RJD2 - Topic

Dead Ringer Play

His debut LP for Definitive Jux, DJ/producer RJD2's Dead Ringer is a deeply creative and musically poignant hip-hop record for summer 2002. Creating a raging underground listenership from a series of 45s and white labels and being the only non-MC signed to Def Jux, RJD2's talent as a DJ and as producer, to match beats and lay cult/pop gems over dusty soul tracks, is paralleled only by people like DJ Shadow and Z-Trip. However, his ability to record and marry MCs to his primarily instrumental and sample-based style is evidenced in outstanding tracks with Copywrite and Blueprint as well as his legacy with the MHz crew; at the end of day that puts our man from Ohio ahead of his primarily one-dimensional peer group. This set will stand out as monumental for Definitive Jux, who with their first record outside of the New York MC box continues to stride toward really being definitive in their roster and catalog of independent hip-hop. ~ Nic Kincaid, Rovi

The Third Hand Play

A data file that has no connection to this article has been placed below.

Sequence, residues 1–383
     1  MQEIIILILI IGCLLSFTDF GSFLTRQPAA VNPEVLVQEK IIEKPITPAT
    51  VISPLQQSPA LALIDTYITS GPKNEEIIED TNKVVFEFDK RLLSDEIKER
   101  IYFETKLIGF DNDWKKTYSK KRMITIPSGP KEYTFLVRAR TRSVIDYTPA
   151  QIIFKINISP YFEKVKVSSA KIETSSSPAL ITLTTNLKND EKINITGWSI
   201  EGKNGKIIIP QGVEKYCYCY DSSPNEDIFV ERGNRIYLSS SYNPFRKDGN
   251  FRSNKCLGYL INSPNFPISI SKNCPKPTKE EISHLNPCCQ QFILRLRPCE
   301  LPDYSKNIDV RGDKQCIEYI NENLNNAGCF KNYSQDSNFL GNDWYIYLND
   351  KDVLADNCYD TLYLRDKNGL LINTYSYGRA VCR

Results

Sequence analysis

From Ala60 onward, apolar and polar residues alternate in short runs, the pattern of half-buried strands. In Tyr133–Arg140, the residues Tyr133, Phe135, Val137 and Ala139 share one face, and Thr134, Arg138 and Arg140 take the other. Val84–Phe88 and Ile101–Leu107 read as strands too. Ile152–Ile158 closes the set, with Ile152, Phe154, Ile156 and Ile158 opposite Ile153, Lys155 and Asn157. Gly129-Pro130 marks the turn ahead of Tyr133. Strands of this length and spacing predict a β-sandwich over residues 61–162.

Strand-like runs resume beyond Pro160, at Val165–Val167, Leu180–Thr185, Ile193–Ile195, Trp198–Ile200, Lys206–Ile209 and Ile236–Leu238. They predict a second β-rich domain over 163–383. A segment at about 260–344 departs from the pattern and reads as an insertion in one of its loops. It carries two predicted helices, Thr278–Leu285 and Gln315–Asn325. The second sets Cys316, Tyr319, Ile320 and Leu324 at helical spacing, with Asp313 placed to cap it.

Give Rjd2 credit -- he certainly couldn't have moved from undie rap to indie pop without believing in the music he's making. It's no wonder he felt he had to move from Definitive Jux, the home of Aesop Rock and Murs, to XL, the home of Thom Yorke and Lemon Jelly, to have any hope of being taken seriously. And while there's no hint of hip-hop anywhere here, The Third Hand is a surprisingly natural mix of his beat-heavy productions and kaleidoscopic tastes with reflective songwriting and plaintive vocals. Sample spotters beware, everything on the record was written, produced, and most importantly, performed by Rjd2 in his home studio. So, after the gigantic mind shift required to reflect on a record that needs to be compared to Broadcast rather than Blueprint, it has to be admitted that Rjd2 is onto something here. His vocals are thin but tuneful, and he has a knack for good harmonies. His productions still overwhelm the songs, reflecting the requirements of hip-hop instead of pop, but they're far better than what's found on the majority of indie pop records. Two skills he has mastered in the past, mood and texture, make this record especially good; witness the transitions from the quiet short-form piece "Someday" into the wide-ranging instrumental "The Bad Penny" into the highlight of the record, "Beyond the Beyond." [An instrumental version of the album also appeared in 2007.] ~ John Bush, Rovi